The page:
AB 239 (Salas) – This bill passed Senate Appropriations and will go to the Senate floor. The bill would extend operation of provisions until January 1, 2025 that authorizes a community college registered nursing program to use any diagnostic assessment tool that is commonly used in registered nursing programs and approved by the Chancellor of the California Community Colleges. Existing law authorizes a community college registered nursing program to use additional multicriteria screening measures, administered in accordance with specified requirements, if it determines that the number of applicants to that registered nursing program exceeds its capacity.
AB 314 (Bonta) – This bill passed Senate Labor, Public Employment and Retirement and will go to Senate Appropriations. The bill would expand and uniformly apply time-off without loss of compensation to public employees to engage in specified activities related to employer-employee relations.
AB 500 (Gonzalez) – This bill was referred to the Senate Appropriations suspense file. The bill would require school districts, charter schools and community colleges provide at least six weeks of full pay for pregnancy-related leaves of absence taken by certificated, academic, and classified employees.
AB 612 (Weber) – This bill passed Senate Human Services and will go to Senate Appropriations. The bill would authorize the State Department of Social Services to enter into a statewide memorandum of understanding with the California Community College system to prevent hunger among college students who are homeless, elderly, and disabled, and to facilitate compliance with specified provisions. Existing law also authorizes any qualifying food facility located on a campus of a community college to participate in the CalFresh RMP through this statewide memorandum of understanding, even if the facility is located in a county that does not participate in the RMP. The bill would require the department to implement its provisions by all-county letter or similar instruction until regulations are adopted and to adopt regulations implementing the bill on or before February 1, 2021.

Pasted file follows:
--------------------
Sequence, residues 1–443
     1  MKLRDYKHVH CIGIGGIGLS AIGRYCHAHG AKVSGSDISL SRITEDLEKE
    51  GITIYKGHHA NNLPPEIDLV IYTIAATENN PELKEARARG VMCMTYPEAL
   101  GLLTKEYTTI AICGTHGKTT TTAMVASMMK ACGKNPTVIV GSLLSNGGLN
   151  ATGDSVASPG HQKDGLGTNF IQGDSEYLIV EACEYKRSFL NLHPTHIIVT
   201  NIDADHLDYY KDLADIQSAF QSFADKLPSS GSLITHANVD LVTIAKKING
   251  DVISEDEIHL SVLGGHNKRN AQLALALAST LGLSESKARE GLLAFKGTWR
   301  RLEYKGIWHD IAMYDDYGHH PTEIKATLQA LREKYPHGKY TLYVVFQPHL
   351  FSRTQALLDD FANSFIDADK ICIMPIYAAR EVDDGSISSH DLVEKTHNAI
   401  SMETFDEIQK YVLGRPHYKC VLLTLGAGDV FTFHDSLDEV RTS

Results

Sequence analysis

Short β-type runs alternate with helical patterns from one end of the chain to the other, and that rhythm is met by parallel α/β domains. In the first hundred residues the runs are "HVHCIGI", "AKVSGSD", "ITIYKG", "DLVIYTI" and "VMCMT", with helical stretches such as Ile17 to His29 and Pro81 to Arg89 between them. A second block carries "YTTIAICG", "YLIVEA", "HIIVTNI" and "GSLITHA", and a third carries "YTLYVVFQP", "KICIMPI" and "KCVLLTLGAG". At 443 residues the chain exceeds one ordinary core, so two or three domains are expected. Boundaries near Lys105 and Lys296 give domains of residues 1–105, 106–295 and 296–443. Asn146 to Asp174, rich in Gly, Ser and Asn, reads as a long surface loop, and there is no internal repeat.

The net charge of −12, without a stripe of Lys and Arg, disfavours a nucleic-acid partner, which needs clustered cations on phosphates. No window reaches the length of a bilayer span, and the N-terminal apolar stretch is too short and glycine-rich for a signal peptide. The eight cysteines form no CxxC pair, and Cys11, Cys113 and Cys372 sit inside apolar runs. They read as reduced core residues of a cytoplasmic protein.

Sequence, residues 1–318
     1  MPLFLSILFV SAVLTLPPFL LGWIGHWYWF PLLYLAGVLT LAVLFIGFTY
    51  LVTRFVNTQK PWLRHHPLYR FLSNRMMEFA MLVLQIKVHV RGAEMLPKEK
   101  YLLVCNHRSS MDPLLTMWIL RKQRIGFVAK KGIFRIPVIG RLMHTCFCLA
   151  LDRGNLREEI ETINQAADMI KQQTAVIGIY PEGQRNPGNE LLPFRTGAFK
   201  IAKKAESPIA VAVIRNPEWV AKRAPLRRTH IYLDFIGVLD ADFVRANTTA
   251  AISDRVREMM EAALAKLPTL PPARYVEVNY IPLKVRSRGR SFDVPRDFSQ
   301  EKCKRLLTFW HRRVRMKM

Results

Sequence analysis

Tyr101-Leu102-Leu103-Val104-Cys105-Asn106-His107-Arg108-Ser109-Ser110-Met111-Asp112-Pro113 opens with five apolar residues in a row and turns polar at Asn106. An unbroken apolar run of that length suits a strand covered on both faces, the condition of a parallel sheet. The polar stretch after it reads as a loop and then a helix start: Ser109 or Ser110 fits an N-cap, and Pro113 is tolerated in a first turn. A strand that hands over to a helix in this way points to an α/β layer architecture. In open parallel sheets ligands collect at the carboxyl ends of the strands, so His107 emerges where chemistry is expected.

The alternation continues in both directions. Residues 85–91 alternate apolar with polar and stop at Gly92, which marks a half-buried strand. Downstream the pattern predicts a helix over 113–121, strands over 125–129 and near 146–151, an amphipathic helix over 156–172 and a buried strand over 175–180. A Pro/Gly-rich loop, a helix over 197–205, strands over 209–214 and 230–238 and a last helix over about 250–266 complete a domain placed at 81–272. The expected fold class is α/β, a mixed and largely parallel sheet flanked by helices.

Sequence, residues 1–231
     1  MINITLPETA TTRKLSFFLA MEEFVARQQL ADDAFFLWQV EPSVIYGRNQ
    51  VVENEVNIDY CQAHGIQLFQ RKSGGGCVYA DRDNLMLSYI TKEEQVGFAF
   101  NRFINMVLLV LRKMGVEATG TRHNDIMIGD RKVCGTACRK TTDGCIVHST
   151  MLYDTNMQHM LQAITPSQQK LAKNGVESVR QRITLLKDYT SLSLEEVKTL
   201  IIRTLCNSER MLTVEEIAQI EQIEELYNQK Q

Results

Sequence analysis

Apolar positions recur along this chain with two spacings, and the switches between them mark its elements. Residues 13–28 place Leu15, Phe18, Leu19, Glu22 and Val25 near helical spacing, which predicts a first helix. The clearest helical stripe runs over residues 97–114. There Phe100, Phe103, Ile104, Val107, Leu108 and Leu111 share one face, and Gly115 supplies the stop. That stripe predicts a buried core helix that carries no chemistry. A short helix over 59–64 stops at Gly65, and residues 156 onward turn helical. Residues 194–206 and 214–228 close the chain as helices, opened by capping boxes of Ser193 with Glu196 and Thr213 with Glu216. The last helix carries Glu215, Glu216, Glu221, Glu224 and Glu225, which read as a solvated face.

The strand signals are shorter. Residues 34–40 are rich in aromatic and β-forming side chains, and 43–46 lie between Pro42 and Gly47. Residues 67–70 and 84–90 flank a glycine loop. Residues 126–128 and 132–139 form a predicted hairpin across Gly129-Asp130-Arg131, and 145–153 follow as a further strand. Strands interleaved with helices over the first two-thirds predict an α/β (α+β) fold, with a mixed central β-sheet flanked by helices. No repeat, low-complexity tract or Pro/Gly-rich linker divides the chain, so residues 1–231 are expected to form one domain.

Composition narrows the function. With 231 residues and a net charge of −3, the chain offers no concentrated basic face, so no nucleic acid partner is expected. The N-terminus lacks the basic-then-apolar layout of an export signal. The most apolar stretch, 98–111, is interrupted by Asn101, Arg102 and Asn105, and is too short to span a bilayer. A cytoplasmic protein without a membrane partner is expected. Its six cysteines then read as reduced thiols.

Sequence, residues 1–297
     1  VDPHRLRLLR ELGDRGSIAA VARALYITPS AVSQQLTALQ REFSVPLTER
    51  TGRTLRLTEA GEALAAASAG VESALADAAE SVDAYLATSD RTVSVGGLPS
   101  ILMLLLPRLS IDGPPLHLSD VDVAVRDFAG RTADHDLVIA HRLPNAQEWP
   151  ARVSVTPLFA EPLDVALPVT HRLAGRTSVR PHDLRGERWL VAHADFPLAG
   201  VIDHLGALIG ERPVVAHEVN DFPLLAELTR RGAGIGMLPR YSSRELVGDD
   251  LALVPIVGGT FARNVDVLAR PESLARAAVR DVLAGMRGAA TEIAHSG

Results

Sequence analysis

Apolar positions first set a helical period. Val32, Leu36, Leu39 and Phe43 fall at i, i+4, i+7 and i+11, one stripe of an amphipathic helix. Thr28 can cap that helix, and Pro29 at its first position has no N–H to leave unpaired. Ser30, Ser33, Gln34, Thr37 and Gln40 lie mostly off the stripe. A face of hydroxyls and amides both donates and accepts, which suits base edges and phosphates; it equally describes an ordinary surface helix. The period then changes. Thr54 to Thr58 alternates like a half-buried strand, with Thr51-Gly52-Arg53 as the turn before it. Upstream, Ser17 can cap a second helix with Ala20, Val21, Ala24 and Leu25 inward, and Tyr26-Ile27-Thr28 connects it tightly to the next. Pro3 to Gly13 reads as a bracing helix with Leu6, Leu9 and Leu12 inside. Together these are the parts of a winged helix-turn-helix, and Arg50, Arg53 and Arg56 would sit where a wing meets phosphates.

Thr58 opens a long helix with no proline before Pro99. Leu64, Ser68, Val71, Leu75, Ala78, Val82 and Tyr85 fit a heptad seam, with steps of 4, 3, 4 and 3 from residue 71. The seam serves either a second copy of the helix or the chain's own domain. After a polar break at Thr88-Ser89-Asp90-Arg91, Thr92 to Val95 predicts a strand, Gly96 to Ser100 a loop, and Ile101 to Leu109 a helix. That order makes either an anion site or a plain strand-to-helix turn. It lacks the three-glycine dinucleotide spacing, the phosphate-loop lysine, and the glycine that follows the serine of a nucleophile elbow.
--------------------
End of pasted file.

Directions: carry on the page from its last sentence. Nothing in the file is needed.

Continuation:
AB 695 (Medina) – This bill passed Senate Appropriations and will go to the Senate floor. The bill would extend the authorization for community college districts to enter into design-build contracts to January 1, 2030.
AB 806 (Bloom) – This bill passed out of Senate Appropriations and will go to the Senate floor. The bill would add former homeless youth to the students to be granted, or requested to be granted, priority enrollment. This bill would add former homeless youth to the students with whom a Homeless and Foster Student Liaison works. This bill would add former homeless youth to those served by the specified financial aid programs. This bill would add persons who are, at the time of enrollment, former homeless youth to those eligible for an enrollment fee waiver.